Week 1: "The Sport of Everyday Life!"


We walk, we jog, we run, we sprint, we skip, we crawl, we climb, we tumble, we bound, we reach, we squat, we lunge, we push, we twist, we pull, we press…we MOVE!!!

And we do all this so naturally and without much thought in our youth. But then we age beyond our youth – and now, what came to us so naturally when we were young and resilient in our childhood years and even into our early twenties, is often anything but natural for us.


As Today’s Corporate Athletes (TCAs), with a touch of our youth behind us, and for many of us a busy career and family lives, most of us are no longer playing as carefree as we once did. However, throughout the rest of our lives (and for most of us — each day) we will be called upon to perform physical tasks.


These tasks are part of what we refer to as “The Sport of Everyday Life” and we all must participate.


It’s a sport that requires our bodies to move:

  • Our children or grandchildren may want us to run in the yard with them, or climb up into the play set with them.

  • Furniture may need to be lifted and placed.

  • Weeds need to be pulled and that backyard hillside needs to be mowed.

  • There’s snow piling up on the driveway.

  • We may enjoy participating in recreational sports – that occasional co-ed softball game or bike ride with the kids.

  • In even more severe situations, a life-threatening situation arises where we may need to escape to protect ourselves.

We have the need, and actually the responsibility, to perform basic exercises to help us navigate through The Sport of Everyday Life.


As TCAs, we may not be the explosive, supple, mobile individuals we were naturally in our youth. For some, that robust individual we built ourselves into in our late teens and early twenties is no longer staring back in the mirror. After an afternoon of activity, our mid-life bodies ache; we ice strained muscles and pamper swollen joints.


So, as we age, do we have to resign ourselves to a state of passiveness? Are we doomed to live a sedentary life that leads to stiff, tight, weak and injury prone bodies? Absolutely not for there is hope, but first...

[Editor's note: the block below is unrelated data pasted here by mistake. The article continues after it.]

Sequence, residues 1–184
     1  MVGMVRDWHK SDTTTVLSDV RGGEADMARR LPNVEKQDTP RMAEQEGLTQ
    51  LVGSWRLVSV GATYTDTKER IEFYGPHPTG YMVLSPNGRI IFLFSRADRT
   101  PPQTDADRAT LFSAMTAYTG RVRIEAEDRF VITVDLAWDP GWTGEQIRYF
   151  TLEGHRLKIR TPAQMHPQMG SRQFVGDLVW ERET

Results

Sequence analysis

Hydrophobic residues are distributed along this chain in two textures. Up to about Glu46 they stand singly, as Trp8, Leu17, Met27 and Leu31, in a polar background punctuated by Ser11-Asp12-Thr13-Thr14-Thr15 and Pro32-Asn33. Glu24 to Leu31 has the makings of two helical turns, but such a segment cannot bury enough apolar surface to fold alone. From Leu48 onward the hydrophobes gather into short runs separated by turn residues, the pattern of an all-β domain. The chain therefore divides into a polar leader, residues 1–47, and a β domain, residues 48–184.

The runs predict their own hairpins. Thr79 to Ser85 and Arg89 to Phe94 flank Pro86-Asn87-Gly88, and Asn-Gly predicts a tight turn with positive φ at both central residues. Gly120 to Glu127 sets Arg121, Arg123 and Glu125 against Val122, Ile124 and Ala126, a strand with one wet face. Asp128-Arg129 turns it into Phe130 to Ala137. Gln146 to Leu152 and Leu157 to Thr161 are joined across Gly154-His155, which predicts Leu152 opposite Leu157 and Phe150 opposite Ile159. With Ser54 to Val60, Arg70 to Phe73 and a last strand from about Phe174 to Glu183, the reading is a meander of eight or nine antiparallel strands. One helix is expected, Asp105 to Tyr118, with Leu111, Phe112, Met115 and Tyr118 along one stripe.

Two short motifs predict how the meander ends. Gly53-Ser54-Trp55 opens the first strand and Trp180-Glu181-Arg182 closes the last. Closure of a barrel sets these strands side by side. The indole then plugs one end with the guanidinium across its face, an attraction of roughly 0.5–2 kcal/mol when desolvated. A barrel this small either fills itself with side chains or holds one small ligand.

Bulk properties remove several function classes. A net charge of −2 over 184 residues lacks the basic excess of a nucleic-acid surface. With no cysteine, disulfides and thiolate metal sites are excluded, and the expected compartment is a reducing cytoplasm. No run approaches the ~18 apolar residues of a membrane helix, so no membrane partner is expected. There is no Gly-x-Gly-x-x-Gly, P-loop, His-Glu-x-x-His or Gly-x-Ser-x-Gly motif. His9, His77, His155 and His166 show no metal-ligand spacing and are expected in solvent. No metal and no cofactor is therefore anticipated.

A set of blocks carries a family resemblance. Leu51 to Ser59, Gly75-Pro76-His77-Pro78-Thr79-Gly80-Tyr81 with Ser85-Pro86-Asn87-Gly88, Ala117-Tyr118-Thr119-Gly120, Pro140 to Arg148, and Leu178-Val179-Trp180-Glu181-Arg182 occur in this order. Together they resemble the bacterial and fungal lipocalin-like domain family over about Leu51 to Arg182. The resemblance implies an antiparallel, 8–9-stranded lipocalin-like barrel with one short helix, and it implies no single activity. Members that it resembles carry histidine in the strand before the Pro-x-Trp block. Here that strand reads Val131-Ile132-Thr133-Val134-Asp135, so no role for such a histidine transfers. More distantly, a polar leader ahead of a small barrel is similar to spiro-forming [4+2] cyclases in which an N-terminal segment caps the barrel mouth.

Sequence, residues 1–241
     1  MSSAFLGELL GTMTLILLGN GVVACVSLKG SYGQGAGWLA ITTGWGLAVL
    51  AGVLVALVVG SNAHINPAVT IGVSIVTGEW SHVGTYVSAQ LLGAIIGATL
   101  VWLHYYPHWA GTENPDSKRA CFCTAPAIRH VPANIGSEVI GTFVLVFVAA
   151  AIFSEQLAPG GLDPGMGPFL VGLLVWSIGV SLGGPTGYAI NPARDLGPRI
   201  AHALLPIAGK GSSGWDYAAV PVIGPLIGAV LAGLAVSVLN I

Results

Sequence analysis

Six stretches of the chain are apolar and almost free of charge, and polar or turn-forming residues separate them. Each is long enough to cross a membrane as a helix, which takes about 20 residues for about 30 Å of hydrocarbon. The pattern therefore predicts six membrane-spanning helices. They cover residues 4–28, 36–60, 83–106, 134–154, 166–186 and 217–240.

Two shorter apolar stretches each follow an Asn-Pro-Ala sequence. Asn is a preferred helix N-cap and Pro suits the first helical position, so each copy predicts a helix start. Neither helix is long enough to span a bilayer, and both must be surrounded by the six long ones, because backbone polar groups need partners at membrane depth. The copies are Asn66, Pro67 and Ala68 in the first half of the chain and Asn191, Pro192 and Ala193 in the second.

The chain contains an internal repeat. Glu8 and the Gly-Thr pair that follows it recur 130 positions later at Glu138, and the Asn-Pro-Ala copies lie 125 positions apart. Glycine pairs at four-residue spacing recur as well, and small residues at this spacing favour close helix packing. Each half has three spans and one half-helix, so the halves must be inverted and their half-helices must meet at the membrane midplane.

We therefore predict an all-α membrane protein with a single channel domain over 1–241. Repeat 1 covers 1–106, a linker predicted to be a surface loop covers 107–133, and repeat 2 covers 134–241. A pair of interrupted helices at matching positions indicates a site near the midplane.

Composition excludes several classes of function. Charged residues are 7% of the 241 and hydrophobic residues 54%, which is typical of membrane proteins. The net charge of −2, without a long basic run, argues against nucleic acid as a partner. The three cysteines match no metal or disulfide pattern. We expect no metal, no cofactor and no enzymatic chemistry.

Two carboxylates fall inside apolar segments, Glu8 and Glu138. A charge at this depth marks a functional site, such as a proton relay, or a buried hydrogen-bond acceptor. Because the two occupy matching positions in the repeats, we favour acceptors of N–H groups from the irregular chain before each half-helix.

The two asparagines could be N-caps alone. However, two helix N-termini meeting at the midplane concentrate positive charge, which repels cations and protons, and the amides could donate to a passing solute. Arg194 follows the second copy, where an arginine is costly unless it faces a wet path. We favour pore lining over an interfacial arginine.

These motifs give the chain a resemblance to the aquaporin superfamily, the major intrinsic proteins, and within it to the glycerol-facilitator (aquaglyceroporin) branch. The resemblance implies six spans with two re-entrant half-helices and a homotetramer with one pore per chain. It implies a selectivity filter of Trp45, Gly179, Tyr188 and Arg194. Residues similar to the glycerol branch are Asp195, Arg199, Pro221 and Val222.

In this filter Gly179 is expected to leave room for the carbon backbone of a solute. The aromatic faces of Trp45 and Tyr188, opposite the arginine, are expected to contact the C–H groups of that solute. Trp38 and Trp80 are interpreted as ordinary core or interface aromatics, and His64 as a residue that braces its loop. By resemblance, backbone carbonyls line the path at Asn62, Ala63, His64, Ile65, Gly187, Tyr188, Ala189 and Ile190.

The Misguided Path Many of Us Take


The “hit the gym” approach does very little to improve our ability to move functionally.


I’m overweight and not moving like I once was…what should I do? Many of us will try to counter the aging process and the associated loss of mobility, suppleness, strength, and power by joining a gym (and yes, many of us join a gym because we want to lose fat). Unfortunately, gyms (i.e., fitness centers, health clubs, spas, studios, and group training facilities) are, in many instances, preying on our vulnerability and desperation.


They sell the idea to the masses that once you’re a member: you’ll transform your appearance and you’ll achieve “fitness.” Sit on this machine and push, lay on that one and pull, use those two machines to curl, and of course hop on the hamster wheel (i.e., treadmill) and burn that fat away.


And while technically we may improve our fitness level slightly, depending on how one chooses to measure “fitness,” we will see very little improvement in our ability to move better functionally with this “hit the gym” approach. Essentially we’ll be stronger individuals while sitting at a machine, pressing, pushing and pulling; but we’ll experience very little carry over to real life (aka: The Sport of Everyday Life).


Still other popular paths taken by so many to counter the aging process include: picking up on an old jogging habit (let’s see how many 5Ks I can do in one year), purchasing the high paced DVD series promising makeovers seen on the infomercial, or joining the intense group training gyms that are touting high levels of “fitness” in a competitive, timed atmosphere.


As we’ll so often discuss, many times these tactics will result in an initial state of euphoria and accomplishment (I did it!) but in so many cases leads to long-term, nagging injuries.


So then what is the answer to turning back the clock a bit as we age through our 30's, 40's, 50's, 60's and beyond? Take...


The Path Much Less Traveled


Our BLOCK Training program was designed for this very reason. We realize we're not that resilient youth any longer, but that does not mean we cannot perform those tasks as we once did. We simply need to take a strategic approach to training, where safe and sustainable programming is adhered to on a consistent basis. Our comprehensive program will provide you with new found strength, power, functionality, and energy system development for you to participate in "The Sport of Everyday Life" with zest and confidence, and without the constant worry of injury or pain.

WEEK 1 QUIZ:


1) What comes naturally in our youth?

a) Skipping

b) Tumbling

c) Balancing a checking account

d) A & B


2) What does TCA stand for?

a) Teen Choice Awards

b) Totally Chiseled Abs

c) Today’s Corporate Athlete

d) None of the above


3) What is not an example of using The Sport of Everyday Life in our normal routines?

a) Lifting furniture

b) Shoveling snow

c) Bike riding with kids

d) Chilling on the couch watching Netflix


4) Of the following paths which is the Path Less Traveled?

a) BLOCK Training

b) Intense Group Training Gyms

c) Infomercial DVDs

d) 5ks


Once you've taken the quiz, click here to see how you did.


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